Friday, October 29, 2010
The LA Times picked up an AP story about a federal judge in New York who rejected a challenge to state election law brought by a group that opposes gay marriage and supports the Republican candidate for governor, Carl Paladino, who has made plain his feelings about gay rights.
The group, the National Organization for Marriage, planned to run television ads mocking gay rights and explicitly supporting Paladino. It sought what was in essence a declaratory judgment from the court stating that the group would not be required under New York law to list their donors. Although the article did not specify, I assume NOM is a 501(c)(4), which ordinarily would not be required to reveal its donors, but which would be forced to do so under New York law if New York's Board of Elections were to rule that NOM was a political committee. The group's legal theory was that being branded as a political committee and thus having to reveal its donors would "interfere with NOM's free speech rights by imposing so many burdens that it wouldn't be worth it to NOM to run the ads." That argument sounds like a loser on the merits, but the judge never got there, dismissing the suit as not ripe since the New York Board of Elections had not yet acted.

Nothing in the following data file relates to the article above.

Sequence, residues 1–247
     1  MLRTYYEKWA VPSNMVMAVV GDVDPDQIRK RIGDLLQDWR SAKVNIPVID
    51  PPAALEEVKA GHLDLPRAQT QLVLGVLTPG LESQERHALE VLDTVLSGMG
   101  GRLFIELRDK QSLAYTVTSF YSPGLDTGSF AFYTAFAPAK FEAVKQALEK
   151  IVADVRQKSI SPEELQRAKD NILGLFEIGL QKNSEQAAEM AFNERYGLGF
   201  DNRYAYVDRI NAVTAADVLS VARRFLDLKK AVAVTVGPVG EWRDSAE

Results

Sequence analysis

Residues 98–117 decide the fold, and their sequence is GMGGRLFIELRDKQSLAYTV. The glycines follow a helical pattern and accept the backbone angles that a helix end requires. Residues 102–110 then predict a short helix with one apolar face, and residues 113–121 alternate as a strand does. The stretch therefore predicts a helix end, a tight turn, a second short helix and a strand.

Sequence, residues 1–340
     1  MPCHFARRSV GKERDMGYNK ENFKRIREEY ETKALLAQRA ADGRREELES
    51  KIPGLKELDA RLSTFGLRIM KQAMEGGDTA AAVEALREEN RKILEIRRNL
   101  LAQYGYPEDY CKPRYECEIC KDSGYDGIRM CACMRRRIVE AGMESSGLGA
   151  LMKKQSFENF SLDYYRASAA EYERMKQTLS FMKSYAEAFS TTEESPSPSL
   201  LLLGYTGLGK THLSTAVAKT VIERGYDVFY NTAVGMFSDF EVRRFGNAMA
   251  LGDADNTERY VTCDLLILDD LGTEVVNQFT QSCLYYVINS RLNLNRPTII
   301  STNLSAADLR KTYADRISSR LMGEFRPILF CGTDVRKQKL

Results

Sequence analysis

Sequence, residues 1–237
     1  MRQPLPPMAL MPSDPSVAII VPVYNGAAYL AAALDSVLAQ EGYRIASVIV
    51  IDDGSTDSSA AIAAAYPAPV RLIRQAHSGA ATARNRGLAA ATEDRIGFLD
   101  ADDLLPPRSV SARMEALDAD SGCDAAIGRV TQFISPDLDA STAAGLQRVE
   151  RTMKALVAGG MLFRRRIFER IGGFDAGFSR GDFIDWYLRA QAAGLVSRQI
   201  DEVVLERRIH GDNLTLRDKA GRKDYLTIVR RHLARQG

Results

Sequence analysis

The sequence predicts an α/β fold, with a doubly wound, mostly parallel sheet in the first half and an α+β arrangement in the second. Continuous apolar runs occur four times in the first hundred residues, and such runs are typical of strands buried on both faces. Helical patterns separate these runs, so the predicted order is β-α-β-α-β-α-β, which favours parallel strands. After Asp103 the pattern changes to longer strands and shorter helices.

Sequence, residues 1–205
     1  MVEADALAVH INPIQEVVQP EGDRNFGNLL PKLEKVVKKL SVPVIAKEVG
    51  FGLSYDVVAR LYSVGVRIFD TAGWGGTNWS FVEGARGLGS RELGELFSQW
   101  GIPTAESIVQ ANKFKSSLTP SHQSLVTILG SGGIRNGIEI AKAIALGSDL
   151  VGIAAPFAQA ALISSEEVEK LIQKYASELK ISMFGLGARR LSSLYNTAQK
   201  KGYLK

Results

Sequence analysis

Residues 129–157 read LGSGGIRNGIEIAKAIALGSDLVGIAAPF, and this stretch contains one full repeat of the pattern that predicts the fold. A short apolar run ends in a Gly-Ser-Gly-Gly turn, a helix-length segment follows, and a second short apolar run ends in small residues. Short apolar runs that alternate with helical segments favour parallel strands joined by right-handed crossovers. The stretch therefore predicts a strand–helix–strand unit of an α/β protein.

I leave it to Lloyd to educate us about how this story fits into the larger story of the use and abuse of nonprofit organizations in the political sphere.